Directed by Michel Gondry
Starring Seth Rogen, Jay Chou, Cameron Diaz, Tom Wilkinson, Christoph Waltz, David Harbour, Edward James Olmos
After inheriting his father’s publishing empire, playboy millionaire Britt Reid decides to do the responsible thing – and become a crime-fighting hero. Dubbed The Green Hornet and assisted by the karate-kicking Kato (Chou), he sets about taking on the city’s bad guys – much to the chagrin of crime boss Chudnofsky (Waltz)…
Michel Gondry may seem an odd choice to helm a franchise-launching, mega-budget action romp, but the project was initially intended to act as his feature debut in the late ‘90s. Sadly you’d be hard pushed to spot much of the Eternal Sunshine director’s trademark quirkiness in the finished film, aside from a fun villains-at-work split-screen montage and a visually dazzling but rather shoehorned-in sequence in which Reid pieces together clues while cut-out-characters concertina across the screen.
For the most part this is fairly anonymous-looking stuff. That’s especially true of the action: the extensive scenes of wanton destruction somehow manage to out-bland a Brett Ratner picture, even if it’s impossible to make The Green Hornet’s gadget-packed car, The Black Beauty, look anything less than super-cool. The underwhelming action isn’t helped by the eye-straining, post-production conversion 3-D; the added dimension can really add to a movie if it works with the narrative (just see TRON Legacy), but here it adds neither depth nor excitement. It’s just annoying.
The story itself winds up oddly similar to last year’s superhero success Kick-Ass (there’s even a heroes-singing-in-a-car moment!). But whereas that film deftly mixed violence, comedy and superhero conventions with wit and energy, the tone here is decidedly more uneven – the cold-blooded killing feels at odds with the general jauntiness, while the thin story is stuffed with unconvincing plot points (why isn’t there a USB drive in the duo’s pimped-out auto?).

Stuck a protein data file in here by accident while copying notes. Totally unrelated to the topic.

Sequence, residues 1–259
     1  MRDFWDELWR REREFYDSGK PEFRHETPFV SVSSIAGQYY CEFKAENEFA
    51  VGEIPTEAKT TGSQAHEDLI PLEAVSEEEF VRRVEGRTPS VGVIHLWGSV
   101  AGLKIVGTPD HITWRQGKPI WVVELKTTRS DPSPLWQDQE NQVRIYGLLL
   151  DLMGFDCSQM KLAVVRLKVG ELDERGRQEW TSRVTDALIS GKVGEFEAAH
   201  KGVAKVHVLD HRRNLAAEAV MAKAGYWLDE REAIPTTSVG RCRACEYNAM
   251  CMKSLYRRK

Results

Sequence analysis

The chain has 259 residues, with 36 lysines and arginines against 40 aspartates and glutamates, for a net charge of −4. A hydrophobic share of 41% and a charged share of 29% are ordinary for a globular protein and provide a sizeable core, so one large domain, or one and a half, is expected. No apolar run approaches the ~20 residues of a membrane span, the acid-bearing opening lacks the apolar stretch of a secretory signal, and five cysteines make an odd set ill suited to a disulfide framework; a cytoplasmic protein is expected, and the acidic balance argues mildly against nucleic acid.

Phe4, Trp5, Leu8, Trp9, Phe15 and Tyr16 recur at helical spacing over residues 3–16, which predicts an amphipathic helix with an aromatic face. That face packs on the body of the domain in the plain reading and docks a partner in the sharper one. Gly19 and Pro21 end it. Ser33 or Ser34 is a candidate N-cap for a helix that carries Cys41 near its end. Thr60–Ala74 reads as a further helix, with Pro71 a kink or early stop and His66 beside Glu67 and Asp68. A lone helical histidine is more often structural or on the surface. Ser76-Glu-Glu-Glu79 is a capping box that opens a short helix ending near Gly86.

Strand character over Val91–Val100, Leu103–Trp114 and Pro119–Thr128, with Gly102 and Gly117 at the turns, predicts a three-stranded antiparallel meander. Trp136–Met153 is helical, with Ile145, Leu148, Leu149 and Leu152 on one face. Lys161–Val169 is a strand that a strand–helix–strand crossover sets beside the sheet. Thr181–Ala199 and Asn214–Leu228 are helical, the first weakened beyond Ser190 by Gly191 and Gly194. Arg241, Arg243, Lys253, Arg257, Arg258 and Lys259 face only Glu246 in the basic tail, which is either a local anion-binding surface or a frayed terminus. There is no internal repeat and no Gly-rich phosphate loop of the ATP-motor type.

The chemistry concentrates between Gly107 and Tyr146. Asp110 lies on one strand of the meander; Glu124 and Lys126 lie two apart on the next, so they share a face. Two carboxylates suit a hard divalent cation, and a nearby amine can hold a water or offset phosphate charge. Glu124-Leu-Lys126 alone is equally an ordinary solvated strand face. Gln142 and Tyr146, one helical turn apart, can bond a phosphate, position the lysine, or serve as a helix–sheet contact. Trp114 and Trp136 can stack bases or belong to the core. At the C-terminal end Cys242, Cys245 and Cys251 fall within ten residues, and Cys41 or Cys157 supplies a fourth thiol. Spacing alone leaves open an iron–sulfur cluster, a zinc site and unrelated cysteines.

The film is rescued from all-out disaster thanks to the appealing central relationship. Rogen may have been an unlikely choice for the fearless crime-fighter, but in the script by Rogen and his Superbad co-writer Evan Goldberg that’s kind of the point, and his clowning playboy hero bounces well off Chou’s likeable partner-in-heroism (“The Green Hornet is nothing without me!”). The pair’s verbal and physical sparring throws up genuine laughs, including the irresponsible employment of knockout gas (the scene’s funnier than it looks in the trailer) and a prolonged scrap involving household objects. It’s just as well that previous incarnations of The Green Hornet have a fairly limited following as fans may cringe at the duo’s exploits being turned into a knockabout buddy comedy.
Inglourious Basterds’ Christoph Waltz, as wannabe-scary crime boss Chudnofsky, is less successful. He gets a scattering of amusing moments (including an early showdown with an uncredited guest star), but the character is pitched a little too cartoony and one-note, eventually winding up as neither threatening nor particularly funny. Meanwhile, Cameron Diaz, as the supposedly super-smart journalist Lenore, isn’t given much to do aside from fend off Reid and Kato’s advances; she sparks well off the pair in the scenes they share (enduring some rather cruel jokes about her age), but she never plays the key part in the story that her initial scenes suggest.
Perhaps the coolest element of The Green Hornet is the zippy opening credits sequence – at least it should be the opening credits sequence, only it comes at the end of the film. Can we return to having these at the beginning of movies please? Matt McAllister
Mildly entertaining action-comedy. The stars have a nice chemistry, but it’s disappointing given the talent involved.